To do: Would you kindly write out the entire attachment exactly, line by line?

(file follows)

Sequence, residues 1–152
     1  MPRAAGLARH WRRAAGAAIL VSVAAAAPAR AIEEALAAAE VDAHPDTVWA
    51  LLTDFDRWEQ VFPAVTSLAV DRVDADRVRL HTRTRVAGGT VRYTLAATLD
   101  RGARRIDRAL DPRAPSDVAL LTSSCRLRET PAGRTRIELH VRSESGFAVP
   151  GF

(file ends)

Sequence, residues 1–152
     1  MPRAAGLARH WRRAAGAAIL VSVAAAAPAR AIEEALAAAE VDAHPDTVWA
    51  LLTDFDRWEQ VFPAVTSLAV DRVDADRVRL HTRTRVAGGT VRYTLAATLD
   101  RGARRIDRAL DPRAPSDVAL LTSSCRLRET PAGRTRIELH VRSESGFAVP
   151  GF